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A 'like' for linguistics: Can social media save Mexico's unwritten languages?

Many indigenous languages alive in Mexico today don't have formal written systems, but a growing number of computer-savvy young people want to Facebook and tweet in their native tongue.

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“Many young people have told me, ‘I want to learn!’” says Cruz of the evolving written system. “My idea was to create the Facebook page and write phrases: buenos días and 'it’s hot out.' But our challenge is that we still need to create an alphabet that is visually, aesthetically, better.”

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The role of education

Before Yasnaya Aguilar was born, the Mixe people of southern Oaxaca state had accomplished most of the work of creating an alphabet and writing system. Aguilar, a linguist and native speaker of Mixe, says the work today is in teaching people to read and write in the language.

That many indigenous languages lack a writing system has little to do with their antiquity and more to do with historic patterns of education, she says. Until recent decades, the government’s education policy was to teach only Spanish in schools, discouraging or even prohibiting students from speaking their native tongue.

In the past, “in Mexico, few people knew how to write,” Ms. Aguilar says. “There was discrimination against these languages. With these movements, there has been a recognition of their value.”

Online revival

Twitter offers a clue to the global interest in putting indigenous languages to use online – historically the domain of English, Spanish, Chinese, and other major languages.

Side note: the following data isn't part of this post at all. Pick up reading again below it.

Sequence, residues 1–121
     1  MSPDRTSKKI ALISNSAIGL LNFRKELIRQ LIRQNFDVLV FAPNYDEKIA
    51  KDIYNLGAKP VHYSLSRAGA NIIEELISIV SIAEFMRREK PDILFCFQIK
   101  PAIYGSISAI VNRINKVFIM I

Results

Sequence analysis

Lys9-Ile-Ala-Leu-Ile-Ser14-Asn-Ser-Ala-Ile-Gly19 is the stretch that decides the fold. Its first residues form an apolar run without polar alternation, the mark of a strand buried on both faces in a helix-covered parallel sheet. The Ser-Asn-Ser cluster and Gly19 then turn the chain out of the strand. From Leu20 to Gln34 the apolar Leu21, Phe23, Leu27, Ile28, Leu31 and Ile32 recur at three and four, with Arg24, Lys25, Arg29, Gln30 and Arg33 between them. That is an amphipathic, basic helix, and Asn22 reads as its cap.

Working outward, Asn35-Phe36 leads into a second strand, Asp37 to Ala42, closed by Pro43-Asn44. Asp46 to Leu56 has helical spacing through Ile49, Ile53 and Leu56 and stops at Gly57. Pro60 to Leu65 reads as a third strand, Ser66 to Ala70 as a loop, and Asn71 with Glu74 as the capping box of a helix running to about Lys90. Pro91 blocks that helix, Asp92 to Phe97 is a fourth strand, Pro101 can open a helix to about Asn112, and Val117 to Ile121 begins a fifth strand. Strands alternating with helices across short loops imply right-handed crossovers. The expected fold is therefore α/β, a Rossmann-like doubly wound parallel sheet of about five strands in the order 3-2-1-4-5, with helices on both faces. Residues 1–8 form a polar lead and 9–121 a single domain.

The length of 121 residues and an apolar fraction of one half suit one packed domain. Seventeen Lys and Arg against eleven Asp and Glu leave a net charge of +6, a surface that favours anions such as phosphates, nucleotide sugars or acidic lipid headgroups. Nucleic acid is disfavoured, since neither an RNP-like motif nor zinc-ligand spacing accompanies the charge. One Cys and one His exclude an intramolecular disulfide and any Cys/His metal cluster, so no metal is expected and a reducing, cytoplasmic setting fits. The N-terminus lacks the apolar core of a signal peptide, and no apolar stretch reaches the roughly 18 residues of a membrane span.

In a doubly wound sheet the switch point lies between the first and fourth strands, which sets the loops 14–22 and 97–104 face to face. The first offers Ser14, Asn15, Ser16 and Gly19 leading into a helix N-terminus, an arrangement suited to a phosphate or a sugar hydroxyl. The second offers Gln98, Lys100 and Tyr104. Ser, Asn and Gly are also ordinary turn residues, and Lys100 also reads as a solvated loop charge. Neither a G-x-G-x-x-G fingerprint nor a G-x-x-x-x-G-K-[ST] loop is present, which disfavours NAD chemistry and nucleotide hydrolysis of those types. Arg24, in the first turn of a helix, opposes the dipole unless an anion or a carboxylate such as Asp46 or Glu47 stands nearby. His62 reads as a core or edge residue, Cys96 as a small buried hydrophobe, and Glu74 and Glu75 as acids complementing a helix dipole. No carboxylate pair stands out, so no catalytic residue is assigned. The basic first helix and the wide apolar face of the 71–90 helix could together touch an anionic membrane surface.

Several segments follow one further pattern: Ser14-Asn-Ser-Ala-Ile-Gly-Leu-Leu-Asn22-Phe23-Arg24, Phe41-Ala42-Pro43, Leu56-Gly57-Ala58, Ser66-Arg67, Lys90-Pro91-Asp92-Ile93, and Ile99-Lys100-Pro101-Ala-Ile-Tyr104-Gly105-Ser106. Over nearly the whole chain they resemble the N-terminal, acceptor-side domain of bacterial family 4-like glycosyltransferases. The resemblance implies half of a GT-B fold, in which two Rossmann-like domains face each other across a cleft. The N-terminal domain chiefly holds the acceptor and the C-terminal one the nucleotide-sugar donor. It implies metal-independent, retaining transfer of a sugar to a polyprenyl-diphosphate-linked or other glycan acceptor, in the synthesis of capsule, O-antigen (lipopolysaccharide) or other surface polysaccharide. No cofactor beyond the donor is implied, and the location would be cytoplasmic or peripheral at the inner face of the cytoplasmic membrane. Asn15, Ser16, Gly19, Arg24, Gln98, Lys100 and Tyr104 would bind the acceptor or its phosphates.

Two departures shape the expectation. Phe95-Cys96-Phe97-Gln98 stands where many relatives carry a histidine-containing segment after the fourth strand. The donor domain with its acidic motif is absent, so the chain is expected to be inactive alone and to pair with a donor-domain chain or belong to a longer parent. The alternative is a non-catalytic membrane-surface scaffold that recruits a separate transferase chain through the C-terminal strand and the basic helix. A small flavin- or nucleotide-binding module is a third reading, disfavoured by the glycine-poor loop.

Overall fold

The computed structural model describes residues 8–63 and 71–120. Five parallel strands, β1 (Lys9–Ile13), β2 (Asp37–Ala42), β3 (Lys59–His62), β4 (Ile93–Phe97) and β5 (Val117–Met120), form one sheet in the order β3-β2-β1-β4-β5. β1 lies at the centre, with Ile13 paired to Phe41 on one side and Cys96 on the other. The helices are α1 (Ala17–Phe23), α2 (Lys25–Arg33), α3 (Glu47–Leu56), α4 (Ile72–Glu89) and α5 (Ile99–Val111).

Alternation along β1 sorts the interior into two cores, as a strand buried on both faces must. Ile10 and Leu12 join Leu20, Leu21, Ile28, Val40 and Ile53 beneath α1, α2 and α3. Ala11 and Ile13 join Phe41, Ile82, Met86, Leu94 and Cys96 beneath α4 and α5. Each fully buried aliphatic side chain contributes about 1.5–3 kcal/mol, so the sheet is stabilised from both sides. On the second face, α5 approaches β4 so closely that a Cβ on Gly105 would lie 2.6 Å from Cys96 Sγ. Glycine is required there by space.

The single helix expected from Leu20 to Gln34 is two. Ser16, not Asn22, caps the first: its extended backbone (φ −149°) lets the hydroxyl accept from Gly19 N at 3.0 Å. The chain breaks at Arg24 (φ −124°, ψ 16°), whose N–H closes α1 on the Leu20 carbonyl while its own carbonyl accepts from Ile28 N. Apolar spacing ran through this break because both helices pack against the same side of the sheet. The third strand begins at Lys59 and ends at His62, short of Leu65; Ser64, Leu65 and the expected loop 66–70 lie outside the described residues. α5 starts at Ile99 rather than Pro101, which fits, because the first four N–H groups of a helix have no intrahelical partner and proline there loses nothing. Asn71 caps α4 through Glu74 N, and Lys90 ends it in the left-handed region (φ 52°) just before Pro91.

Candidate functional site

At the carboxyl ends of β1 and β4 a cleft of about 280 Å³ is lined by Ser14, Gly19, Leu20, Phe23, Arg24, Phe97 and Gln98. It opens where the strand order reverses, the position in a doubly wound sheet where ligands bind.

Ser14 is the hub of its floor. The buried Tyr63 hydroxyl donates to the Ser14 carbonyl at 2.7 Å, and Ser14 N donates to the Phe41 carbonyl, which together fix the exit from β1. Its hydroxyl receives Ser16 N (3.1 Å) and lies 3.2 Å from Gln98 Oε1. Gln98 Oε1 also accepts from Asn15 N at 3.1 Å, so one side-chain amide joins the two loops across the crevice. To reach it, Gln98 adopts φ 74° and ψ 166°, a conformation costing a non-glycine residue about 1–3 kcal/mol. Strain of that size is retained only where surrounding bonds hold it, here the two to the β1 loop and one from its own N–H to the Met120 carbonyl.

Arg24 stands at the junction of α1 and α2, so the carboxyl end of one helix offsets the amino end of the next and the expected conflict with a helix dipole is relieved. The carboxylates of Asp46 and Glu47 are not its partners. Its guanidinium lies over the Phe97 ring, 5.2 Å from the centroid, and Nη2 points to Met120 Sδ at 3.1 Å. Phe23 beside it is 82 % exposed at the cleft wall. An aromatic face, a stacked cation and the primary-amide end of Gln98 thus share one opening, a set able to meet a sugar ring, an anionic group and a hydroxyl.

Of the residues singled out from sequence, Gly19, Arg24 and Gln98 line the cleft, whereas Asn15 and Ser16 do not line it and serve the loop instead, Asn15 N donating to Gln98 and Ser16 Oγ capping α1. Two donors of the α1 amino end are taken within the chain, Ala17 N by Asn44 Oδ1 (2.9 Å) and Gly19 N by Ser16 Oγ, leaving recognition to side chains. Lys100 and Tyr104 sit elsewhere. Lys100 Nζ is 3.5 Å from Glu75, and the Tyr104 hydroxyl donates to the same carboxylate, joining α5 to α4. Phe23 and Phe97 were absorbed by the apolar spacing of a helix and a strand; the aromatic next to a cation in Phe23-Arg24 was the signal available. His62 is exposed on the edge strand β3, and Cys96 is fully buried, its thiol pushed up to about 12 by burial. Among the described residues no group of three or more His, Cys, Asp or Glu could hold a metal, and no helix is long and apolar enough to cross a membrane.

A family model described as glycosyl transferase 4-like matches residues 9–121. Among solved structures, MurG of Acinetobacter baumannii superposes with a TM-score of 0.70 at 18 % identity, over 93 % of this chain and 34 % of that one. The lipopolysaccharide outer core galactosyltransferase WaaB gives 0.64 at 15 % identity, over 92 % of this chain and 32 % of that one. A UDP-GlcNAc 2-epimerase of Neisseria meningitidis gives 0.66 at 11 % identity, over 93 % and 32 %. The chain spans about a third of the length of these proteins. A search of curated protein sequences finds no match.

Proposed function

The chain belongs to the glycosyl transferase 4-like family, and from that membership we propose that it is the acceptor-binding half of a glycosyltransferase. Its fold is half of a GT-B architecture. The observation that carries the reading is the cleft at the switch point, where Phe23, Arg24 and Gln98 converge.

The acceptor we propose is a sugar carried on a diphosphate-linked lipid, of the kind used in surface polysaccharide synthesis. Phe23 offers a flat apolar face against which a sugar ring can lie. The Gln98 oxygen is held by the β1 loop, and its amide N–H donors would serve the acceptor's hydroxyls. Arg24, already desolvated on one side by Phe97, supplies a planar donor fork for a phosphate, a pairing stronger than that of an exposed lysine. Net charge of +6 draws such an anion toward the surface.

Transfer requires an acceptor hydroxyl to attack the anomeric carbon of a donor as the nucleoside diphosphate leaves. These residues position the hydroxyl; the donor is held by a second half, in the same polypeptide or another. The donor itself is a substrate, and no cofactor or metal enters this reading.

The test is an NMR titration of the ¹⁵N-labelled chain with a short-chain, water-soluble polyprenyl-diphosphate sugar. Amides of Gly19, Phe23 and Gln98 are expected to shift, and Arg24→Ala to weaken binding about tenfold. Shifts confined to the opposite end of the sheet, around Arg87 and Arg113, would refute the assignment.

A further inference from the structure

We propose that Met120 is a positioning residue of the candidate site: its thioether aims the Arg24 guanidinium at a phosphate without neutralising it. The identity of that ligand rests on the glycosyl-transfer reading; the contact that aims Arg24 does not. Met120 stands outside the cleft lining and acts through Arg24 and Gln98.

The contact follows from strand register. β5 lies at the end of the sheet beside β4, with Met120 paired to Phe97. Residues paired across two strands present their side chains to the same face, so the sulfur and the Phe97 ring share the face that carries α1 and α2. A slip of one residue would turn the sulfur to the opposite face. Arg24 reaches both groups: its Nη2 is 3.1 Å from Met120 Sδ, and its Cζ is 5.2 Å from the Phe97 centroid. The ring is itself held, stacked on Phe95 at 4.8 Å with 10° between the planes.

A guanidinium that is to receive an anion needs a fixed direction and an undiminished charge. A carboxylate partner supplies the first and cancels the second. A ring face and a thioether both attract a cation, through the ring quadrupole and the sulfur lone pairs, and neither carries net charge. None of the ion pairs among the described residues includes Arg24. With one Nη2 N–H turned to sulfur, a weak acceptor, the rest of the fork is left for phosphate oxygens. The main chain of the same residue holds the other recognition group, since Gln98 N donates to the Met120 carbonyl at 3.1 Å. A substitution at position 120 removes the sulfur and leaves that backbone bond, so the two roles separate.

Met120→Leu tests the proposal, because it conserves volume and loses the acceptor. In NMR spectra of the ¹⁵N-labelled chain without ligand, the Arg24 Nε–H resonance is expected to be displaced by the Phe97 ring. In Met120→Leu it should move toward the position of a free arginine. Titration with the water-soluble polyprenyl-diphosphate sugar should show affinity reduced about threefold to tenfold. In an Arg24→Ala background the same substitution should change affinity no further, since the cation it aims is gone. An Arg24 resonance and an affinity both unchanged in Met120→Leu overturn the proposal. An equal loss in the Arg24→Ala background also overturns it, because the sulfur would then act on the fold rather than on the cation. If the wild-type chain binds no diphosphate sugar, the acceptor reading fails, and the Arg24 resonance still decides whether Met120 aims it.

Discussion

“The idea [of whether] the language is suited for modern technological media like Twitter – that’s an obstacle for a lot of endangered languages,” says Kevin Scannell, a professor in the department of math and computer science at Saint Louis University.

He has studied the use of indigenous languages on Twitter and advised the social media company on how to make its coding more friendly to the symbols sometimes used in indigenous tongues.

He says there are more than 140 indigenous or minor languages in use on Twitter today. Nahuatl, a language native to central Mexico and beyond, has 17 users. Other indigenous languages are used by more than 300,000 users or as few as one.

“Part of it is just a conscious effort to keep the language alive and promote the language and encourage other people to use it,” says Mr. Scannell, who tweets in English and Irish Gaelic. “It’s a statement that says, ‘We’re here, and we’re proud of the language.’”

The use of native Mexican languages online, even in doses of 140 characters, is part of a broader phenomenon in Mexico, says Swanton, the linguist.

“I see it as part of a larger issue, which is the emergence of a very sophisticated generation of young people,” he says, “many of whom are professionals and move in the world in sophisticated ways. They are incorporating those experiences into an indigenous identity.”


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